We all get hungry and need nourishment to live. Plants, too. Plants in the ground might get by without food, but for container plants, it is essential. Food and water—take Goldilocks’s advice: not too much, not too little, just right.
So, let’s take a look at what’s on the menu for our plant babies. Fertilizer numbers consist of three numbers which indicate the nitrogen, phosphorus and potassium in the fertilizer. Most plants do best with those nutrients in a 3:1:2 ratio which means you can choose 6-2-4 or 9-3-6 or 24-8-16 or anything close to that ratio.
These come in different forms. The cheapest is water soluble which is usually a liquid or crystals you dilute in water. These are used every week or two.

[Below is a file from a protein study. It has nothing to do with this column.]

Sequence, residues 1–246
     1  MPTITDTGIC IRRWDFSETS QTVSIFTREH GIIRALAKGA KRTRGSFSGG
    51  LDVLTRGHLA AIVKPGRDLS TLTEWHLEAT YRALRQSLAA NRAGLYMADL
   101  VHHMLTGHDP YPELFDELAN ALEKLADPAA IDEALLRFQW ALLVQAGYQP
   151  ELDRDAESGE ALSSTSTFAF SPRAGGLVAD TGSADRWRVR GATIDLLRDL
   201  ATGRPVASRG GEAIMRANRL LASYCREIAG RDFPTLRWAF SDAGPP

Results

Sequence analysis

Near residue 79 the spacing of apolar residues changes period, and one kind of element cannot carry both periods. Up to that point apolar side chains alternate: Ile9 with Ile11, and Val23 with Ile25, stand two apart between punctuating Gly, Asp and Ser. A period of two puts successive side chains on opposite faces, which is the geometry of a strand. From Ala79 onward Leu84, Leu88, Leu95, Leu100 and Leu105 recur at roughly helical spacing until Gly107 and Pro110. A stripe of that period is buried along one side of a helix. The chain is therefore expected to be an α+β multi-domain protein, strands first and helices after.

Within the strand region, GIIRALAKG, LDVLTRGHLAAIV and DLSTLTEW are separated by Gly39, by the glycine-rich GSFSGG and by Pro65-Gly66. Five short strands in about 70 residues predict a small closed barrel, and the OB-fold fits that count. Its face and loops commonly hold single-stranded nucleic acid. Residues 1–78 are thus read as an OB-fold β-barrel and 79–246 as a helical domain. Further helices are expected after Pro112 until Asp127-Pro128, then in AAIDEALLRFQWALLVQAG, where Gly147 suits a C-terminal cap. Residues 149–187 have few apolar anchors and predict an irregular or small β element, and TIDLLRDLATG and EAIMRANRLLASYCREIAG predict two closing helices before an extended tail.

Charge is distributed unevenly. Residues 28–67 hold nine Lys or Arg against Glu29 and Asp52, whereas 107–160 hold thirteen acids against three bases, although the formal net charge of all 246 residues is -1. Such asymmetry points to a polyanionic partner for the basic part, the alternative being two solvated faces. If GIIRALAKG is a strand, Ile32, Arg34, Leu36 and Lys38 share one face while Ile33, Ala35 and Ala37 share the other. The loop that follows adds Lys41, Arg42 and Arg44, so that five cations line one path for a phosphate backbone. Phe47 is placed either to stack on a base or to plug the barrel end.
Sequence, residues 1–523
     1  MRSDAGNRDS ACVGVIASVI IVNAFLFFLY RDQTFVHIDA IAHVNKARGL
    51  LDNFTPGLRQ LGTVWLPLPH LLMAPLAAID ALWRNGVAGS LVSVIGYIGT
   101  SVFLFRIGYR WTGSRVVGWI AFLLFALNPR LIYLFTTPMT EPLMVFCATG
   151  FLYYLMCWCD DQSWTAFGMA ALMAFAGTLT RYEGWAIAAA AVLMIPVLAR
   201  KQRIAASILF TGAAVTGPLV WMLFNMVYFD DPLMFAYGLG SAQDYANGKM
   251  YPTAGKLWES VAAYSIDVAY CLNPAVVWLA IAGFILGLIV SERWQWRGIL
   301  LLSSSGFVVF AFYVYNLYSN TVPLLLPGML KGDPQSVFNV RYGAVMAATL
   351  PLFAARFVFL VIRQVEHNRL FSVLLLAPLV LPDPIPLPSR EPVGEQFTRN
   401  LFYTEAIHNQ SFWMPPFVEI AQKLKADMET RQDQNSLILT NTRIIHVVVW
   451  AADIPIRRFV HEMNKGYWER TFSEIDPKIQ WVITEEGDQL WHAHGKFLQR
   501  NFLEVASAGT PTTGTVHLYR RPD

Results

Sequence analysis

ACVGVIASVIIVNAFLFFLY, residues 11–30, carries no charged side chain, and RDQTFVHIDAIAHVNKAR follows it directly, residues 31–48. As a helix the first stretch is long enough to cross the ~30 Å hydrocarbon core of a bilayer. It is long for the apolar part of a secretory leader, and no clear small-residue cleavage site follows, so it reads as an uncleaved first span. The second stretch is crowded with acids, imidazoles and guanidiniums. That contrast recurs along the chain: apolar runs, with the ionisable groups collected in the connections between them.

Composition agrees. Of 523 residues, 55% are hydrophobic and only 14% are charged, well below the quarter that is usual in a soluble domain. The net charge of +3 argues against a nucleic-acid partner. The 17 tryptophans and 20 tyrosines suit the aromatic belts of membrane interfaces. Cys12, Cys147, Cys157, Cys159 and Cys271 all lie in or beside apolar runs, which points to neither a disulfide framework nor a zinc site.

There is also slow release which looks like little pellets. They slowly release the nutrients over several months by the work of microbes in the soil—more active in warm weather when plants are actively growing. So you only need them once or twice a season.
The newest form is time release fertilizer, which is controlled by temperature only, not microbes. These tend to be more precise and more expensive. These can last several months to a year.
Choose which type you prefer and remember to use it. You can top dress with the pellets by sprinkling them over the soil top and scratching in or watering in. Use the recommended amount; too much can actually kill your plants. Of course, they only fertilize when they are actively growing. Feed them well; water correctly and you will have lovely, lush pots all season long.